Hello, folks, We want to welcome you to 2017 on our chronicles of the leaders of Ibadan. It is been a long while since we last brought you your beloved Chronicles of the great leaders of Ibadan. We are pleased to announce that we are back to share with you interesting bits of Ibadan culture. Last year we stopped at Oderinlo, Balogun of Ibadan, and today we are continuing the series with Opeagbe, Baale of Ibadan. We hope you enjoy reading about him
Opeagbe Baale of Ibadan (about 1850 to about 1851)
After Balogun Oderinlo’s death. The leadership of Ibadan once more became vacant. Lajumoke the Otun (second in command) to Balogun Oderinlo died soon after the Balogun himself. Opeagbe who was the Osi Balogun (third in command) to Oderinlo was thus made the leader of Ibadan. Like Lakanle who had ruled Ibadan before him, Opeagbe also originally hailed from Ogbomoso. There are indications that He and Lakanle might have enjoyed a casual acquaintance if not more because it is said that He was one of Lakanle’s trusted Lieutenants when they fought Maye Okunade at Gbanamu. His father’s name was Ado.
Unlike many other warriors who came to Ibadan during his time, Opeagbe was already rich and famous by the time he came to Ibadan from Ogbomoso. It is said that the day he entered Ibadan for the first time at least three horsemen rode in front of him to herald him. It is also said that in the aforementioned Battle of Gbanamu, Opeagbe fought on horseback throughout and he did not dismount from said horse till the battle ended and Maye Okunade’s forces were conquered. When he became Baale of Ibadan, he sited his palace at Idiomo/Kure in Ibadan,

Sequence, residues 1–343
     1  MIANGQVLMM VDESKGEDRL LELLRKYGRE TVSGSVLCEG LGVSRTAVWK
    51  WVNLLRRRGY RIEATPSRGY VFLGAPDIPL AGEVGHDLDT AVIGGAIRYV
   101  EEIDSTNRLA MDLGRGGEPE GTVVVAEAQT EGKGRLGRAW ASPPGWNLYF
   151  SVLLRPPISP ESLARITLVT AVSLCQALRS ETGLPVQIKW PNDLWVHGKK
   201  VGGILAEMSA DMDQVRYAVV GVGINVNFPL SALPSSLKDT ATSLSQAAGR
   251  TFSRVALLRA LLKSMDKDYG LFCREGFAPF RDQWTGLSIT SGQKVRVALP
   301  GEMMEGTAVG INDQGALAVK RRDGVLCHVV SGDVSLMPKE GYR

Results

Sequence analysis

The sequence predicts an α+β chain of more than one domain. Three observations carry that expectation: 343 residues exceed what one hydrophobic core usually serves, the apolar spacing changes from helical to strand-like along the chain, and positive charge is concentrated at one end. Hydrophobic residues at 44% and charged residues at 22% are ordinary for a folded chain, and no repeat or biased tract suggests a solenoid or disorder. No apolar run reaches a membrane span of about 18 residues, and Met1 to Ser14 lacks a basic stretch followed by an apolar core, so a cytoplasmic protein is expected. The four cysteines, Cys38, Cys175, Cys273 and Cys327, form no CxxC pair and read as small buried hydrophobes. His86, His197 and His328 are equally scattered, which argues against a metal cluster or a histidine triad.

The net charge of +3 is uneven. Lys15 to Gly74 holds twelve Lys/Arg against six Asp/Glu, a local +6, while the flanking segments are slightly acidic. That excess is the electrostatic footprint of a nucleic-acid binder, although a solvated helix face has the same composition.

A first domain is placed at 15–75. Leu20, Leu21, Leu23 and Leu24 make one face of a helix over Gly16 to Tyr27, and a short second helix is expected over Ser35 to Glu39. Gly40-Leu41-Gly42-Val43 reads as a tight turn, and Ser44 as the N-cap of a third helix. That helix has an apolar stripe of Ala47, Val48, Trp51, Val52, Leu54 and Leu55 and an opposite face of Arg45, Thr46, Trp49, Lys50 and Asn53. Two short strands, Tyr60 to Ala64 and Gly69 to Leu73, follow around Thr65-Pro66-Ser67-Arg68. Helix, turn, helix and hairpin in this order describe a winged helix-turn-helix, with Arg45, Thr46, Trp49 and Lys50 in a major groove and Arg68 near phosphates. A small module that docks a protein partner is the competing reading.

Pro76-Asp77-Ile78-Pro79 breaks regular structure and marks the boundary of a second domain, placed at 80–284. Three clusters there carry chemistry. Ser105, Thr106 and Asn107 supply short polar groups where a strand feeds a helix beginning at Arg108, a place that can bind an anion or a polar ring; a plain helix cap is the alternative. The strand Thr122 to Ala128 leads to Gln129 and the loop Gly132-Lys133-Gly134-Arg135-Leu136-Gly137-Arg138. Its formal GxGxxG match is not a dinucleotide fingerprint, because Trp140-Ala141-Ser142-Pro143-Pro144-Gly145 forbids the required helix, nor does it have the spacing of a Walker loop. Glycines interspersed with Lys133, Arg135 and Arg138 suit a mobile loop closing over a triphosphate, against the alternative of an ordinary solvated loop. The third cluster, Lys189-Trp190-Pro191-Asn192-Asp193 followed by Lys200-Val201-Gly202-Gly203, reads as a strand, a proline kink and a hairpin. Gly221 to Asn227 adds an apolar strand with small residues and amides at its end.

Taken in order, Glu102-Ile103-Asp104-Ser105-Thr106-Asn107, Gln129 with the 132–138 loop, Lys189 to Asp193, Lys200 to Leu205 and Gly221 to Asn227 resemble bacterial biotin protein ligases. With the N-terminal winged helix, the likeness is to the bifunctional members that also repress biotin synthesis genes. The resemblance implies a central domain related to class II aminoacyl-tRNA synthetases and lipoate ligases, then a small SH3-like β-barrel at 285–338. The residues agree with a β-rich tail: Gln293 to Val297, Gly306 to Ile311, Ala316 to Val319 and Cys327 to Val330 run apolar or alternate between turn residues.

As mentioned, Opeagbe did not live very long as the leader of Ibadan. He was only Baale for about a year, but he still goes down in history as the first leader in Ibadan who ruled a city which was truly at peace. The city was devoid of the usual violent street fights that characterized the rule of his predecessors and he put a stop to the unnecessary wars of terrorism that the Ibadan millitary leaders before him had delighted in fighting. historians say the peace during his rule was so total that the inhabitants of Ibadan had a saying translated roughly as “In Opeagbe’s time one can stay outside in the moonlight”. Such a thing was impossible during the rule of his predecessors, as being outside at nighttime was surely a recipe for being beaten, robbed, kidnapped or shot.
Even though his reign was short, Opeagbe encouraged religious tolerance in Ibadan. In his time He built a new mosque for the Muslims in the place of the original one at Oja’ba that Basorun Oluyole had destroyed. It was also during his time that members of the Church Mission Society first entered Ibadan. They were allowed to do as much exploration and preaching as they wanted, but they did not come to build anything in the city until after Baale Opeagbe’s death.
Baale Opeagbe is also the first Baale of Ibadan to die of natural causes. He died peacefully around 1851, in his bed. It was as if everything had fallen into place to make his rule peaceful. Ibadan actually had a lull in war, which was surprising for that period. He still stands as one of the few Ibadan leaders of the 19th century who did not die in a war or in an uprising of any sort.
Being a man of peace, however, didn’t change the fact Opeagbe was a valiant and extremely influential warrior. He served as a mentor to people like Abayomi, (who became second in command to Basorun Ogunmola whom we shall mention in a latter chapter of this series) and Orowusi, (who himself became Baale of Ibadan like his mentor).
Entry For Baale Opeagbe, retrieved from www.olubadan.com on 21/1/2017
Akinyele, I.B.(1951) Iwe Itan Ibadan ati die ninu awon Ilu agbegbe re bii Osogbo Iwo ati Ikirun. Ibadan: Board
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